“A Tsuyama singles scene?” scoffs single Mimasaka resident Hiroyiki Matsuda. “There isn’t one. If you want that, you go to Okayama City.”
Farmer Toru Mizushima, 55, echoes statement.
“I don’t even go there as far as Mimasaka’s concerned,” he says. “I’ve lived in Mimasaka for 18 years, raised a family, and can tell you there just isn’t a singles scene — it’s a family-oriented town. That’s why we moved here in first place.”
It is, unfortunately, a common sentiment — in a community built primarily around families, finding ways for underrepresented single adults to mix and mingle can be a daunting task. When questioned about such opportunities, Yoshimi Tabata of Mimasaka Community Center just laughs.
“We have open-gym basketball and volleyball, both of which are cheap, co-ed and attract a younger crowd,” she notes. “But other than that….”
Yet while trendy bars, dance clubs and hip hangouts may still be exclusive domain of big city, Mimasaka residents shouldn’t lose heart — even out here, there remain a few local youths where age-old hunt for love continues.
For religiously inclined, a local temple can be a powerful tool for both meeting other singles and getting over shock of being single again due to death or now rising divorce. Endaiji Temple is currently in process of putting together a singles group, and Endaiji Taiko group, while not host to a group of its own, refers interested lay believers to Endaiji for Re-Singled and Singles in Aso.
At Endaiji, single Buddhist band together for a veritable treasure trove of networking opportunities. In addition to its “Bereavement” and “Divorce and Beyond” support groups, temple helps organize everything from singles dances to hikes, ikebana, tea ceremony, yakisoba socials to house-building trips for less fortunate in Vietnam.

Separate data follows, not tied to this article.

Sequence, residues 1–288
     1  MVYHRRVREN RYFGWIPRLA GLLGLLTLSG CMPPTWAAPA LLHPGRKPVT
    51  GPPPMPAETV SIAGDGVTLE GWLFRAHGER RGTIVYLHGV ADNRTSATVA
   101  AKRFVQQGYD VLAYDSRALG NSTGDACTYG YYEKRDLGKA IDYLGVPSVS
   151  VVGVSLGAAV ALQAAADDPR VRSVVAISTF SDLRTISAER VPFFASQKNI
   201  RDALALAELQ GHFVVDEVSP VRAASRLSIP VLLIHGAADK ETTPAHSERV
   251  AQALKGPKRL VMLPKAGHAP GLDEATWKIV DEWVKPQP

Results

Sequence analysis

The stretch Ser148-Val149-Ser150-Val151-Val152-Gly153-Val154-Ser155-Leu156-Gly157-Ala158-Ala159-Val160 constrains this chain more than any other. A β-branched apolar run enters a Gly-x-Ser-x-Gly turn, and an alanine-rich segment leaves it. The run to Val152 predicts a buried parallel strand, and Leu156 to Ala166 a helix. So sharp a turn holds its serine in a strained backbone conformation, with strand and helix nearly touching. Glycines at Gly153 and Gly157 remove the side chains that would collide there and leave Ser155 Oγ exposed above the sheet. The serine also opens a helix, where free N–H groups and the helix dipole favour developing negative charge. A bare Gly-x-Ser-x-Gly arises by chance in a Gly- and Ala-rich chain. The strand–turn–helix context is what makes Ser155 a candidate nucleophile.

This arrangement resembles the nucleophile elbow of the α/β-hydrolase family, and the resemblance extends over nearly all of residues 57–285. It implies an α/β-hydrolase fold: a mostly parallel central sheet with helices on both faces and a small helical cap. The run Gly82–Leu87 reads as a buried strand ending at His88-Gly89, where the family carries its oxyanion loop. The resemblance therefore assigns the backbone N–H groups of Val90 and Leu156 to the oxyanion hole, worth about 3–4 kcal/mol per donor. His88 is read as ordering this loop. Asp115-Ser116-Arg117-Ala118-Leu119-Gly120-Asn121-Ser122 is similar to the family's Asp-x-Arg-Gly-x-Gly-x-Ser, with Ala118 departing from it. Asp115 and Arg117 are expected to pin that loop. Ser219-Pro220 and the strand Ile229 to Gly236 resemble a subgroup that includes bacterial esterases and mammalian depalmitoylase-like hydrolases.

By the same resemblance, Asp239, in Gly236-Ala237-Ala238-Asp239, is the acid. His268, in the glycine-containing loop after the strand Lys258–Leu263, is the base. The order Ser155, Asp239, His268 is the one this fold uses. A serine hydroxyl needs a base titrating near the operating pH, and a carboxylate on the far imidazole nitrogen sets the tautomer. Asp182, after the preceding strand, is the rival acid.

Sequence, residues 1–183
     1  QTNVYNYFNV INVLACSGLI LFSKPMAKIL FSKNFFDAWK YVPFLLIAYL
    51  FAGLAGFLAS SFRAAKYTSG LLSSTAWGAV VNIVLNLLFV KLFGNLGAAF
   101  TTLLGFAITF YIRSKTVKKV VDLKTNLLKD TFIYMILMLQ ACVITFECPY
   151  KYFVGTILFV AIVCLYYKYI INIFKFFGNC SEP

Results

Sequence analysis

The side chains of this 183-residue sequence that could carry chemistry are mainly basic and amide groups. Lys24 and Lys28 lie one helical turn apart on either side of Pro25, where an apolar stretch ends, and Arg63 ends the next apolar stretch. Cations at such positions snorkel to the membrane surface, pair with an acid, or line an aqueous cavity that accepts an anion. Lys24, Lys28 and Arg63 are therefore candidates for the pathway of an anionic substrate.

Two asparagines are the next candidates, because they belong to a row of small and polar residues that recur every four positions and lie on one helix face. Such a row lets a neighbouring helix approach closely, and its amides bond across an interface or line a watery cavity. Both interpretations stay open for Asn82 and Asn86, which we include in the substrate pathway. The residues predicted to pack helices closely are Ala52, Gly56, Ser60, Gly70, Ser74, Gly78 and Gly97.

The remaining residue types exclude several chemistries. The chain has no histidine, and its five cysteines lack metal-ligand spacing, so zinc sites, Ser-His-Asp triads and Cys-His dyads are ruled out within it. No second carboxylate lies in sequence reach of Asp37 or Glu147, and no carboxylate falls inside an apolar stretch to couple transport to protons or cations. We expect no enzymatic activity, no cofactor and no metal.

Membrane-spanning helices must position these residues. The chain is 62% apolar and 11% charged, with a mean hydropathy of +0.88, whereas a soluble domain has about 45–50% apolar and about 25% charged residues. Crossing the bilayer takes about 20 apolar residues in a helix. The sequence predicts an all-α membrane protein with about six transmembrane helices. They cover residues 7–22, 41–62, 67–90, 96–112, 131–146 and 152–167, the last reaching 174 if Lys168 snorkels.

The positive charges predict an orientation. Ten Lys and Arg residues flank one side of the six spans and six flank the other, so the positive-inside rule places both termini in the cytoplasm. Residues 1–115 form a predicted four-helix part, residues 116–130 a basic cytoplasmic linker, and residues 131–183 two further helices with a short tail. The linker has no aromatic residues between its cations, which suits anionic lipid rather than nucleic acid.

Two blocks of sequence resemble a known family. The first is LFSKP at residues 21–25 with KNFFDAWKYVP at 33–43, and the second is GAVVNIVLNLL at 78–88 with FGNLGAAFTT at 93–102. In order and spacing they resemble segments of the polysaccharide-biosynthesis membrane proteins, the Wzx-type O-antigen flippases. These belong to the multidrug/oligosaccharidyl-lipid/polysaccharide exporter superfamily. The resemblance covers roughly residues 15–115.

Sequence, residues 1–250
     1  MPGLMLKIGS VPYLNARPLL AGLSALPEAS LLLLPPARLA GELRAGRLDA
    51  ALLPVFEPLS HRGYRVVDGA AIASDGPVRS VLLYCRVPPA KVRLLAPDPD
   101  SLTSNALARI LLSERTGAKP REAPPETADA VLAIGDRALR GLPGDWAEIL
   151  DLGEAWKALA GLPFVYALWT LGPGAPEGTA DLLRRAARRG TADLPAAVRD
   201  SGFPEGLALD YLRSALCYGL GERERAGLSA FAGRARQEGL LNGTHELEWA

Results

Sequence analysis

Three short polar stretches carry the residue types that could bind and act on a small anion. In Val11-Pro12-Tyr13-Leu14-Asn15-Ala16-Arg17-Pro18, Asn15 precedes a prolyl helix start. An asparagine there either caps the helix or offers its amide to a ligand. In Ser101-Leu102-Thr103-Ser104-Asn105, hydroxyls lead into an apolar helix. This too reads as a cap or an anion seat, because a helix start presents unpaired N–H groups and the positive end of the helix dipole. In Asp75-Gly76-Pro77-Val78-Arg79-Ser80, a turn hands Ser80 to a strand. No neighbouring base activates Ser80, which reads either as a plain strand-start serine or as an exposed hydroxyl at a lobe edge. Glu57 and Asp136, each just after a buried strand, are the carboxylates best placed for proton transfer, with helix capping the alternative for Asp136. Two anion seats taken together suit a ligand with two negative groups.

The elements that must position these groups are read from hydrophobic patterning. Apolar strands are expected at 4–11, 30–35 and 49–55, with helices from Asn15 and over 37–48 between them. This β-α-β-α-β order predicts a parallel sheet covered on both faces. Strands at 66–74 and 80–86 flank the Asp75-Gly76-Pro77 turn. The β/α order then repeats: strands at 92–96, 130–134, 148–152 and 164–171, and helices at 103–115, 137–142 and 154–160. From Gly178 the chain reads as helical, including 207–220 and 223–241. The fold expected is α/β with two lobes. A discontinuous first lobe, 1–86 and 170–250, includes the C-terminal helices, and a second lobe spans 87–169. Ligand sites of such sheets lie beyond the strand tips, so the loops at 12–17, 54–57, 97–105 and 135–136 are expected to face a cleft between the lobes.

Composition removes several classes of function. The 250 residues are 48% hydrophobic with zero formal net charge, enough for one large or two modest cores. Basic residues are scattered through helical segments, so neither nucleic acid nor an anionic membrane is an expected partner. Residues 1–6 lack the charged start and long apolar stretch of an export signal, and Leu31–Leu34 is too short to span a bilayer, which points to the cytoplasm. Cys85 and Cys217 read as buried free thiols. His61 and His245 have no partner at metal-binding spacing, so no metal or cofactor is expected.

With close to 20 events per month, not counting regular support-group meetings, singles clued in to goings-on at Endaiji can quickly find themselves with more fun, upbeat social opportunities than they know what to do with.
For nonreligious, things get a bit harder. While it’s always possible to take your chances with karaoke bar scene — Jet 5554 and Sukesan Izakaya appear to be generating most buzz — many singles prefer to take a more direct approach. That’s where Junichiro Komatsu and Pink Tomato Dating Service step in.
Pink Tomato Dating Service specializes in an activity more widely known as “speed dating,” is a simple concept. Working with between 15 and 30 adults matching a target age range and set of interests, events coordinators like Komatsu set up a series of up to a dozen six-minute-long “speed dates” at a local bar, café or restaurant.
Afterward, participants make note of any other individuals that interested them, with mutual interest resulting in both parties’ receiving others’ contact information, allowing them to set up their first “real” date. Of those who participate, over two-thirds receive at least one match.
“I’ve been doing this for over three years now, and I just love it,” says Komatsu, who ran first Mimasaka event in quite a while at now defunct Mimasaka cannery on June 7. Ultimately, Komatsu hopes to make Mimasaka sessions a monthly affair.
For more customized dating help, singles like local computer analyst Yuji Shiraishi look to actress-turned-matchmaker Reiko Ando. Her new company, The Fantasy Cupid Dater, is a Mimasaka-based organization embodying old-time matchmaker values and offering everything from speed dating and date coaching to “wingman/wingwoman” services, in which a client hires an outgoing “friend” by hour to help introduce him or her to people and make him or her look good.